Please access the link below for the latest news from Rimrose Valley Friends about their environmental work and campaign to try to stop Highways England building a new access road to the Port of Liverpool through their beautiful county park:-
Readers of this blog site will know that I have been posting for a long time now against the plan of Highways England to build a new access road to the Port of Liverpool right through this lovely Country Park. I was delighted therefore to read in the Champion newspaper (3rd April) that a Cycle Safari organised by Merseyside Environmental Trust/Merseyside Cycling Campaign stopped in this South Sefton Park to register their objections to the road building plan.
Nice to see fellow cyclists getting involved in trying to stop the Highways Agency bulldozers.
Some years back Sefton Council’s then Technical Services Traffic Services Unit produced, in conjunction with The Countryside Commission, a quite beautiful set of walking booklets* which are pieces of artwork in their own right.
I blogged about another of the walks (No.7 in the series – The Maghull Trail) not so long ago – here’s a link to it:-
But back to the Rimrose Valley, which I cycle through regularly. The threat is of course a new road to the Port of Liverpool that Highways England says it is going to build down through the County Park despite almost total opposition across the community and political spectrum locally to the project. But this posting is not another of my rants against the ruining of this lovely countryside oasis but a celebration of this green lung in the densely populated southern part of Sefton Borough.
Here’s the cover of the walking booklet:-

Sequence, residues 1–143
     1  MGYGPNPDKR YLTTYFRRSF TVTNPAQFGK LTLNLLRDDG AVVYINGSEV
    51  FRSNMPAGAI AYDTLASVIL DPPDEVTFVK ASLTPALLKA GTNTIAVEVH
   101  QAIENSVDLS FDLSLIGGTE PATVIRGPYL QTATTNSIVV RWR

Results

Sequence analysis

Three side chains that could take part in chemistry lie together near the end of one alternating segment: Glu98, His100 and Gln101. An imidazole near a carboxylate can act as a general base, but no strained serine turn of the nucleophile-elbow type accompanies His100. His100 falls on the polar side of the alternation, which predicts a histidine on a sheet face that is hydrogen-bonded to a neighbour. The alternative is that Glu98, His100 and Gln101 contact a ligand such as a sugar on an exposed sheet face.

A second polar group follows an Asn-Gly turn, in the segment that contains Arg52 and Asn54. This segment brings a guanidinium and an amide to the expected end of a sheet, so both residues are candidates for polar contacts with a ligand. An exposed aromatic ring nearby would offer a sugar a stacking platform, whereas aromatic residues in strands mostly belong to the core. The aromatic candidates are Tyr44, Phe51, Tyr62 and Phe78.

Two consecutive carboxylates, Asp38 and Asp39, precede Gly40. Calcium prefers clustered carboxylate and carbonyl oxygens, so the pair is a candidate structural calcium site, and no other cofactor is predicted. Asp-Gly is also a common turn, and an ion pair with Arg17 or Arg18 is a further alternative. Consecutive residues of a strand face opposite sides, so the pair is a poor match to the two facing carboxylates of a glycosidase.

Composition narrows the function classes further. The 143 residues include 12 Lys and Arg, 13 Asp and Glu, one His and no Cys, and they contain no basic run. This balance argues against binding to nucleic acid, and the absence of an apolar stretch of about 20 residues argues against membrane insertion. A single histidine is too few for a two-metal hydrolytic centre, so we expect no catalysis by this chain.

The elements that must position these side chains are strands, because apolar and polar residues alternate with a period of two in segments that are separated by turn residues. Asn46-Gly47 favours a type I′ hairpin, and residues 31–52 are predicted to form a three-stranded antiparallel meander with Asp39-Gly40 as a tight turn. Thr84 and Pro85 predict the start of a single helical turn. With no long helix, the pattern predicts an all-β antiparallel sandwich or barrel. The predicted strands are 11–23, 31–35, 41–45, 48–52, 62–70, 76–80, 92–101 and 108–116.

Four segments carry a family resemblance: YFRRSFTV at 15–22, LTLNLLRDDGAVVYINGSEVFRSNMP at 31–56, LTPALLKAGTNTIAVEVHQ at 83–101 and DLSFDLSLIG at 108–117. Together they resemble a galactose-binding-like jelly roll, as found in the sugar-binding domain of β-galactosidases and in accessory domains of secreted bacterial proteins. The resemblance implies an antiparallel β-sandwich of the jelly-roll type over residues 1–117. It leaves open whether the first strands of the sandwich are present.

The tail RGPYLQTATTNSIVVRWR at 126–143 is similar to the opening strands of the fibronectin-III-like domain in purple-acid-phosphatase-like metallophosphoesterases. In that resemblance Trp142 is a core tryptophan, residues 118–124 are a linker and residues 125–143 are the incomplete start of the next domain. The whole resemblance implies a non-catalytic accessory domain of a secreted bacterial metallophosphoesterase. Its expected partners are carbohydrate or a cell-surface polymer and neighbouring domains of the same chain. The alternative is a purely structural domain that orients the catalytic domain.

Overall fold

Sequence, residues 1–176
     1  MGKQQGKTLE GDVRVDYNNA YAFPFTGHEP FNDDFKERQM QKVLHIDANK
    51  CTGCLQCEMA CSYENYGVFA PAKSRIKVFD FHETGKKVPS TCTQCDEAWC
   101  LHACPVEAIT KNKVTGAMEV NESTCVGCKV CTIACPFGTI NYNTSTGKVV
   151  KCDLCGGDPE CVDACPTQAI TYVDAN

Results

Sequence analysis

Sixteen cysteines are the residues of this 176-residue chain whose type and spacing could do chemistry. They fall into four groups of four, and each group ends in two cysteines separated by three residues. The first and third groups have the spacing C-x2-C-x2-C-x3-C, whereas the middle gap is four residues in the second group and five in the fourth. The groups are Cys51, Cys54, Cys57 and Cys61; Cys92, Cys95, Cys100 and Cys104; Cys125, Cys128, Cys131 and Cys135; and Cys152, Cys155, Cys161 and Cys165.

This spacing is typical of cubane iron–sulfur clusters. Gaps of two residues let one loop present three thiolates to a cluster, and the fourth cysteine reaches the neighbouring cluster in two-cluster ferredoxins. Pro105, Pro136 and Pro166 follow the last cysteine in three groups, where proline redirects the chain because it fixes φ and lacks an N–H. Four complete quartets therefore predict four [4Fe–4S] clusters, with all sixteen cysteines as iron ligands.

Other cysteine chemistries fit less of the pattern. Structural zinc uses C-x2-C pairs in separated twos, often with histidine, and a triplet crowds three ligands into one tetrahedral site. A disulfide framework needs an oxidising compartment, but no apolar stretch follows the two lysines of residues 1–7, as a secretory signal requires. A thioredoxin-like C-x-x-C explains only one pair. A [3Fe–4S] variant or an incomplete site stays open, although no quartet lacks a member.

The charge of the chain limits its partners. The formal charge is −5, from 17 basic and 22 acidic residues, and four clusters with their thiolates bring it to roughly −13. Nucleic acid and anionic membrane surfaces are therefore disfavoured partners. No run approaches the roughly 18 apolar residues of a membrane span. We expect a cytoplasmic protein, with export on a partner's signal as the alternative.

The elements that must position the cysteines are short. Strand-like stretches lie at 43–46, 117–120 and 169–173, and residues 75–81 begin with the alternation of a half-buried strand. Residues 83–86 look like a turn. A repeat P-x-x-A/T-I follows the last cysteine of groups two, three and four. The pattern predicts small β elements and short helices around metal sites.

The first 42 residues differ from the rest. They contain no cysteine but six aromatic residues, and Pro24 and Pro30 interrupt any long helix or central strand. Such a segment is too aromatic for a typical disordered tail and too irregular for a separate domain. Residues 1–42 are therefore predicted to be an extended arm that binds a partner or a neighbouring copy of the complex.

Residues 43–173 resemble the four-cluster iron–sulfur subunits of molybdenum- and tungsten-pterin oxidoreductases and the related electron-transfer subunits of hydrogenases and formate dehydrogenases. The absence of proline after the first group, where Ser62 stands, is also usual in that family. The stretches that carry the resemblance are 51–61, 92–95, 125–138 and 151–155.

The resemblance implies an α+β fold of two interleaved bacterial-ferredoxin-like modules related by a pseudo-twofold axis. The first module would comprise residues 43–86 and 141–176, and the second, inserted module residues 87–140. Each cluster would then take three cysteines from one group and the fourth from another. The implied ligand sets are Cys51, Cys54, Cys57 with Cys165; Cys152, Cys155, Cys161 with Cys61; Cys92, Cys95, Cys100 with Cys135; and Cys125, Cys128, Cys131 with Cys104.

And two pages which to me are a lovely tribute to Rimrose Valley Country Park:-
The Rimrose Valley Friends are a volunteer group who promote the Valley and who lead the campaigning against the new road, here’s a link to their work:-
Click on the map and the scanned pages of the walking booklet to enlarge them for reading.
* Sadly the booklets are out of print now
Defending Rimrose Valley Country Park from having a new road forced through it is a matter close to the hearts of many local people in Sefton Borough. To me, it’s always been an obvious and firm no on environmental grounds.
And then Keith Page brought my attention (see link below) to this article on the Liverpool Echo website:-
Does this mean that the official policy of Sefton Tories is to back the new road or are the comments of the Formby Conservative Councillor just his own views?
But what about the reason given for wanting the new road! Really, keeping our local country park free from vehicles is a far, far higher priority. Time for Sefton Tories to clarify their stance on this new road project – Are they backing it?
The things you find when Bob is deep into transportation research in this case via the Built bEnvironment Networking web site.
Tucked away in an article about Manchester’s expected 2040 strategy refresh (see link above) this quote pops up:
“Tim Gamon, regional delivery director at Highways England said the agency is currently developing scheme for Road Priority 2, which will cover its investment programme from 2020 to 2025.
Projects due to start work in March 2020 are a £135m congestion relief scheme on the A585 between Windy Harbour and Skippool, £52.8m improvements to junction 19 of the M6 and a £242m upgrade of west –east Trans-Pennine road links.
But he said that £227m plans to improve access for the Port of Liverpool via the A5036 Princess Way have hit a setback following a court challenge.
Opponents argue that Highways England had not considered tunnelling a section of the road, but Gamon said the £1.5bn cost of a tunnel would not have met the agency’s cost benefit analysis.
More news on this big local issue when I get it.
With thanks to Bob Robinson for the lead to this posting
The BBC has the latest story regarding the protests against the proposed new road on its web site – see link below:-
Separately I’m hearing, via informed railway sources, that the lack of progress with regard to improved rail freight facilities/rail connections to the Port of Liverpool may be putting Network Rail in the spotlight. It seems clear to me that the less containers that go by train to and from the Port then the more will have to go via road.
I also understand that the biomass trains from the Port to Drax Power Station need to travel by a more direct rail route to feed the ongoing demand. Having said that it’s debatable, to me, how long these wood pellet trains will run as the environmental benefits of the fuel are at best dubious.
Happy to correct anything in this posting if my sources are not correct.
Click on the photos to enlarge them